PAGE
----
The First Mindfulness Training (Reverence for Life)
There was once a distant possibility there could be a sustainable and relatively humane way to slaughter a limited number of animals for consumption - perhaps on a small farm not dependent on the global capitalist economy. However, to refrain from killing just won't be enough anymore, for as Kemmerer (2012) points out, the globalized means of animal production has robbed the common person in the industrialised world of any real opportunity to consume animal products in a way that does not inflict unnatural, excruciating agony on mass-bred creatures. The ugly truth is that participating in this economy is to passively accept, condone, and take part in a culture of not only death, but a rapacious, ravenous culture of greed for the corpses of non-human sentient beings. 
The real tragedy here is the lack of choice that globalization has ironically introduced. There is a genuine philosophical and health case to be made for the humane consumption of animals, and Buddhists should not be compelled to veganism. But Buddhists and meat-lovers alike are deprived of any nuance in an environment that demands mass breeding for mass death. Aware of this unfortunate truth, a practitioner of the First Mindfulness Training will face the decision whether to participate in this machinery of pain.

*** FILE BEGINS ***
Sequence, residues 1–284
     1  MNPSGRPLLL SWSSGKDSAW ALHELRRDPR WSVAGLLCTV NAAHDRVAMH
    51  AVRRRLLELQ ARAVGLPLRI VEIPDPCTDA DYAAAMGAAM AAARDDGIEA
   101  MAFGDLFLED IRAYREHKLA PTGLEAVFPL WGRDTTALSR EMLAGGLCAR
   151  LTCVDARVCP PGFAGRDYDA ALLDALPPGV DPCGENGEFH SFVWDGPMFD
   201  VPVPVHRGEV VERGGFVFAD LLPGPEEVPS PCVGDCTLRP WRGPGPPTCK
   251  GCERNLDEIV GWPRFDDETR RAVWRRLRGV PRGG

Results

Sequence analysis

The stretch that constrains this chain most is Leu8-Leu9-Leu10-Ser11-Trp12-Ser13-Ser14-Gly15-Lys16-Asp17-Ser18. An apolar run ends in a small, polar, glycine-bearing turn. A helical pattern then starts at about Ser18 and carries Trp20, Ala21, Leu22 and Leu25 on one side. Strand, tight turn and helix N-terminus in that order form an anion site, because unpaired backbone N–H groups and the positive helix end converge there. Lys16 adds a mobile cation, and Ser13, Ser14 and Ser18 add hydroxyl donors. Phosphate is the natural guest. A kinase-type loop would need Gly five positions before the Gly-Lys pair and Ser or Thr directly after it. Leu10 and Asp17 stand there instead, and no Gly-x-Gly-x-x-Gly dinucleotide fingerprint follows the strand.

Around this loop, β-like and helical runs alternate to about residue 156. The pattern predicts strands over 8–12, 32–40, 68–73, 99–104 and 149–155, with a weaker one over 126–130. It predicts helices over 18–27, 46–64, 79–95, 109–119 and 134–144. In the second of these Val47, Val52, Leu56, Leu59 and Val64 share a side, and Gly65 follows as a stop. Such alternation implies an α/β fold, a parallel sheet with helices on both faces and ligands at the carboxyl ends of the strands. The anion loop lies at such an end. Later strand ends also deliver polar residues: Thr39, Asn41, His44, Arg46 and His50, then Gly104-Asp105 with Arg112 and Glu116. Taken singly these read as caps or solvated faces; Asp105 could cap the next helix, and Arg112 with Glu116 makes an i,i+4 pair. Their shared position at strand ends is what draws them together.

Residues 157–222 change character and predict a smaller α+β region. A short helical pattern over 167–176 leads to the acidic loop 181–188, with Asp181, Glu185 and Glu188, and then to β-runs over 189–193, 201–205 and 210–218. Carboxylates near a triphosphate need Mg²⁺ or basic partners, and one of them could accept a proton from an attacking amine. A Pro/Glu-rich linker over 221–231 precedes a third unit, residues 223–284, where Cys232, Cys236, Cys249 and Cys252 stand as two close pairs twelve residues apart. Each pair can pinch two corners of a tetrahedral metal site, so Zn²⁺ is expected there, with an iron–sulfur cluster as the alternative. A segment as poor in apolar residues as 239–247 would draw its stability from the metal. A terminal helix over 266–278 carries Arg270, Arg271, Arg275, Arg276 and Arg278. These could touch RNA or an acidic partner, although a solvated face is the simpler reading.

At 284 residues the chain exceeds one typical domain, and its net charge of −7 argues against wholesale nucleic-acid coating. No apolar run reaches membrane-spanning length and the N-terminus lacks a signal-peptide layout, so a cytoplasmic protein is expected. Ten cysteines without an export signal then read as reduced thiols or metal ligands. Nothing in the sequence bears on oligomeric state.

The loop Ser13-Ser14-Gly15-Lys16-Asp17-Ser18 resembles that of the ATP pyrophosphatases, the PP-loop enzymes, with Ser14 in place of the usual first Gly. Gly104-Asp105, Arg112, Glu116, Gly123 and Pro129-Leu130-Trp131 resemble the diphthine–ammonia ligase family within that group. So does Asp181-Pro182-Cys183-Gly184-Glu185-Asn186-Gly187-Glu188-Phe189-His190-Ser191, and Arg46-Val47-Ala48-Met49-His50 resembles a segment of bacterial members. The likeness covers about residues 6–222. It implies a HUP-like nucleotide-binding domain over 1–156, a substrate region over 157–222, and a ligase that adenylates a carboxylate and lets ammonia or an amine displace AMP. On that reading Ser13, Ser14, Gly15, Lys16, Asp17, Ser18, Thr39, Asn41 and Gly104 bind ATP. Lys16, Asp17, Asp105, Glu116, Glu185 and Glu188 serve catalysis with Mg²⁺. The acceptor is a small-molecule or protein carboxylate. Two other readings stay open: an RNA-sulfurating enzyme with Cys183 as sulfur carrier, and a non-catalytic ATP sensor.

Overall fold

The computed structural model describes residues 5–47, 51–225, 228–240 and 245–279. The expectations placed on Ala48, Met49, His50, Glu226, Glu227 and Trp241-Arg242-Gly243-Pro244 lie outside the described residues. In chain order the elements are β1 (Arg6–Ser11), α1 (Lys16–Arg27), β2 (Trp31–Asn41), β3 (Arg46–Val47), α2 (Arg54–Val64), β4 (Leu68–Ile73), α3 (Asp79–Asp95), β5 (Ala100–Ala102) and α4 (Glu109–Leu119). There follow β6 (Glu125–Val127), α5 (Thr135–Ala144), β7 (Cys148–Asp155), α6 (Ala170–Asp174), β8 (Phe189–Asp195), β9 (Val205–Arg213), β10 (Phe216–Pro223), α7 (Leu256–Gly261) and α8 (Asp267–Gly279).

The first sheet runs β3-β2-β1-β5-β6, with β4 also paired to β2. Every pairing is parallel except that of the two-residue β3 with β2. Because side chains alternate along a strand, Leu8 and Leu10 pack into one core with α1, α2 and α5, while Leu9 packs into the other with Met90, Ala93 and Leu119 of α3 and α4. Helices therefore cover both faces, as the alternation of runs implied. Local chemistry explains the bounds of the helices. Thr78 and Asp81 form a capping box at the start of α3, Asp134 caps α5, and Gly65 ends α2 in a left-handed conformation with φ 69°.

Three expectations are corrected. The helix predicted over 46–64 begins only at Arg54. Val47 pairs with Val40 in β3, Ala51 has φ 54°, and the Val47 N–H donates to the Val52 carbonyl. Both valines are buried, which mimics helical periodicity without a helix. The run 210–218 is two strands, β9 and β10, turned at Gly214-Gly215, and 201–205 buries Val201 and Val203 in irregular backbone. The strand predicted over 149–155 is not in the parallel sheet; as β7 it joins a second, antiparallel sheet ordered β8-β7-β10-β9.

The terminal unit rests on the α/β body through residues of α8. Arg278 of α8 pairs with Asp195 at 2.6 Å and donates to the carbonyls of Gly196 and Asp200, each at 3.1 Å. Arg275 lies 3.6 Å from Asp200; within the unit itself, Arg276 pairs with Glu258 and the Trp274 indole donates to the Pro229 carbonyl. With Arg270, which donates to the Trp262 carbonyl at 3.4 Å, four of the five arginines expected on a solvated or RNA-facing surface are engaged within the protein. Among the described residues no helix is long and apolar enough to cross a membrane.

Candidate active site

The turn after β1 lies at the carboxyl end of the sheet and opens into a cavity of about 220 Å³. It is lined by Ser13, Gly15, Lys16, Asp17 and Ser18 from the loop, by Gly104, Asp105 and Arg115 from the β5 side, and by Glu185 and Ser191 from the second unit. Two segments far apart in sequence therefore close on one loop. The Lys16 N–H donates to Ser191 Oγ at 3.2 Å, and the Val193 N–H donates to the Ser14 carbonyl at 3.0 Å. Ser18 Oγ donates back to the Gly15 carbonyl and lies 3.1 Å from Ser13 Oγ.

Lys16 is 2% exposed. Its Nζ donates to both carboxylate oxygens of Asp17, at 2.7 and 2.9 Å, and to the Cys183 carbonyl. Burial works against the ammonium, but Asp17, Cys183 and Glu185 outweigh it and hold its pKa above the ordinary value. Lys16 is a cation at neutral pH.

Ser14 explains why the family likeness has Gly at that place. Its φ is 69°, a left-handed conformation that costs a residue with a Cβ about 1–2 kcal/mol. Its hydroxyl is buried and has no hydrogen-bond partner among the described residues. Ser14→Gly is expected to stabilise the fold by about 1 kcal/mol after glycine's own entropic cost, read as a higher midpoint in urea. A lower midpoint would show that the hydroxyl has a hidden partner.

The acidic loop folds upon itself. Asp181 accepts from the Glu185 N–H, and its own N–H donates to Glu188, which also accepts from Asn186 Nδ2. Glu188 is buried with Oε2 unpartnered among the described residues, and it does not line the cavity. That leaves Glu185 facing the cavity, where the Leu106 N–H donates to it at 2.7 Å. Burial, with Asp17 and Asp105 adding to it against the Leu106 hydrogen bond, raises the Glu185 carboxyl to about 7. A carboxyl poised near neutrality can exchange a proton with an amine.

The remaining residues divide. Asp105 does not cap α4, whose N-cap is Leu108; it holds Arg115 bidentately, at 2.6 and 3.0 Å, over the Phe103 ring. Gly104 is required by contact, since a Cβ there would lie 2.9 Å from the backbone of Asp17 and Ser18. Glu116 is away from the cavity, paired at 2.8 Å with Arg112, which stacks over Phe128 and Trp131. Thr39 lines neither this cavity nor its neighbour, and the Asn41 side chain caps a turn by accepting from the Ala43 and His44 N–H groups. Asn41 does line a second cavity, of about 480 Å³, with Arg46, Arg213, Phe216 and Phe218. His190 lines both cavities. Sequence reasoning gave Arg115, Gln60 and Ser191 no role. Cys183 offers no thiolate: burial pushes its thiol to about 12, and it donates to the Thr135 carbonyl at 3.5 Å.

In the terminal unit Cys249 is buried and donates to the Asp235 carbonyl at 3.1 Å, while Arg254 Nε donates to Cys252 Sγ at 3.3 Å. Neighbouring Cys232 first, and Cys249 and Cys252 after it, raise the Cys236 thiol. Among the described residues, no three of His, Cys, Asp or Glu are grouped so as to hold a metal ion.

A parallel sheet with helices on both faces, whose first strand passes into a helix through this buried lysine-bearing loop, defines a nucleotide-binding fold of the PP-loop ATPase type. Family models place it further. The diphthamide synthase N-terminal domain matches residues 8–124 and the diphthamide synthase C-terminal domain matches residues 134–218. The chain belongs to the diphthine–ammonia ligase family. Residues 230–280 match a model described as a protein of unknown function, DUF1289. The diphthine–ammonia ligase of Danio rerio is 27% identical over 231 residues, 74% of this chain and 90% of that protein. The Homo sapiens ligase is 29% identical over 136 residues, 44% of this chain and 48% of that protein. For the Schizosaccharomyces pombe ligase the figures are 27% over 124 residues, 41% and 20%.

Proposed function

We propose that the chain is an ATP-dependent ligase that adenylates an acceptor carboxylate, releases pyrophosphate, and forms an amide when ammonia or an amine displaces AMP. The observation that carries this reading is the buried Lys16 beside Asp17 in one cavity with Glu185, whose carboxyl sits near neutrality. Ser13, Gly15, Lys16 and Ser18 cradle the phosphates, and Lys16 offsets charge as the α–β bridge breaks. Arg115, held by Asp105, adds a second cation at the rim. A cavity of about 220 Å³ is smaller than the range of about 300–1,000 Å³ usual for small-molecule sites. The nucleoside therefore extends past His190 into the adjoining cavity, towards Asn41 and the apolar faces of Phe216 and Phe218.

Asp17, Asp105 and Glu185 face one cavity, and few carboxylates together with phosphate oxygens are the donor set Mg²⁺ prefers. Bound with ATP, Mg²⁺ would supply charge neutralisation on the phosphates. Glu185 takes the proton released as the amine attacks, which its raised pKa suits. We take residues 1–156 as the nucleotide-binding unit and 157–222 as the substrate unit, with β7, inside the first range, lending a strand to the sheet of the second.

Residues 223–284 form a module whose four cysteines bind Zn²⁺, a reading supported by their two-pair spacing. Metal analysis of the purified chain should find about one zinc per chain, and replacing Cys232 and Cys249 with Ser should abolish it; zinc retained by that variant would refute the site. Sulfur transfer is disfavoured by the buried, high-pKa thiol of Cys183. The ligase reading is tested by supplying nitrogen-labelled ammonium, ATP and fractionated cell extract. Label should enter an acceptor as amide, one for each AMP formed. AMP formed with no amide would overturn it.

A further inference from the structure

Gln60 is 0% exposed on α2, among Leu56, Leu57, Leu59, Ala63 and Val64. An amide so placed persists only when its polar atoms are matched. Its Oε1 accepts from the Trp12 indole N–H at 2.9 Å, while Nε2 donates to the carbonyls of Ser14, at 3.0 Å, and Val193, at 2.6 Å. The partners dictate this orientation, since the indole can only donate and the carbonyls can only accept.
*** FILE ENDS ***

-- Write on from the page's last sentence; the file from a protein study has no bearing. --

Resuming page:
The Second Mindfulness Training (True Happiness)
The second precept has traditionally been a prohibition against the violation of the dignity of ownership. It is intriguing, then, that this idea is not even covered in Thay's formulation. Thay believes that the exploitation and oppression of people is a much greater harm than theft. The pursuit of wealth, power, and influence is a much more profound form of stealing than a robbery or shop heist. While traditionalists would have appreciated a reference to the problem of theft, it must be conceded that institutional exploitation and oppression is a much more ingrained problem that cannot be solved by policemen and jails alone. The complexity of resisting social injustice is extremely complex, but the resolve is there to bolster the practitioner's faith in herself or himself to do the right thing.
The Third Mindfulness Training (True Love)